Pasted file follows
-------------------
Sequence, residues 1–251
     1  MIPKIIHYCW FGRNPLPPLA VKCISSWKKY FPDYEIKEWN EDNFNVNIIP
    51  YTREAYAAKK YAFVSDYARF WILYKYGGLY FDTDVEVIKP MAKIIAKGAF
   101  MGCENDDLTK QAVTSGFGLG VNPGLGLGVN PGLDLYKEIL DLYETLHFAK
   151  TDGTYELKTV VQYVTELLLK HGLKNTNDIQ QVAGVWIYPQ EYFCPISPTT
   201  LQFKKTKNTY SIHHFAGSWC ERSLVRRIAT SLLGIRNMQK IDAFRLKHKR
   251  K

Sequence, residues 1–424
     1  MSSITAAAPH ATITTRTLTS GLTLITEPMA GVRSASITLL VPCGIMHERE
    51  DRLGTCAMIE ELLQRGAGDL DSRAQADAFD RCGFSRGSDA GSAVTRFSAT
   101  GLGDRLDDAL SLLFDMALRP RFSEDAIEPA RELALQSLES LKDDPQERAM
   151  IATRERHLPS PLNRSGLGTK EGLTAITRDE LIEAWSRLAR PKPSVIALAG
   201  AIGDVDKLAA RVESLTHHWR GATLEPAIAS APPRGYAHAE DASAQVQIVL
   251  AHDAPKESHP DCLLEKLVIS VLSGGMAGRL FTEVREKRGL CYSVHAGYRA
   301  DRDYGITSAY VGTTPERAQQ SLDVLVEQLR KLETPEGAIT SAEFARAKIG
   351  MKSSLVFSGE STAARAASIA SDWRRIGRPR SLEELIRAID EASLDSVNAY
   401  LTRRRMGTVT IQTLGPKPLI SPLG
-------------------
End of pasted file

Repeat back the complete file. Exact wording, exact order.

Sequence, residues 1–251
     1  MIPKIIHYCW FGRNPLPPLA VKCISSWKKY FPDYEIKEWN EDNFNVNIIP
    51  YTREAYAAKK YAFVSDYARF WILYKYGGLY FDTDVEVIKP MAKIIAKGAF
   101  MGCENDDLTK QAVTSGFGLG VNPGLGLGVN PGLDLYKEIL DLYETLHFAK
   151  TDGTYELKTV VQYVTELLLK HGLKNTNDIQ QVAGVWIYPQ EYFCPISPTT
   201  LQFKKTKNTY SIHHFAGSWC ERSLVRRIAT SLLGIRNMQK IDAFRLKHKR
   251  K

Sequence, residues 1–424
     1  MSSITAAAPH ATITTRTLTS GLTLITEPMA GVRSASITLL VPCGIMHERE
    51  DRLGTCAMIE ELLQRGAGDL DSRAQADAFD RCGFSRGSDA GSAVTRFSAT
   101  GLGDRLDDAL SLLFDMALRP RFSEDAIEPA RELALQSLES LKDDPQERAM
   151  IATRERHLPS PLNRSGLGTK EGLTAITRDE LIEAWSRLAR PKPSVIALAG
   201  AIGDVDKLAA RVESLTHHWR GATLEPAIAS APPRGYAHAE DASAQVQIVL
   251  AHDAPKESHP DCLLEKLVIS VLSGGMAGRL FTEVREKRGL CYSVHAGYRA
   301  DRDYGITSAY VGTTPERAQQ SLDVLVEQLR KLETPEGAIT SAEFARAKIG
   351  MKSSLVFSGE STAARAASIA SDWRRIGRPR SLEELIRAID EASLDSVNAY
   401  LTRRRMGTVT IQTLGPKPLI SPLG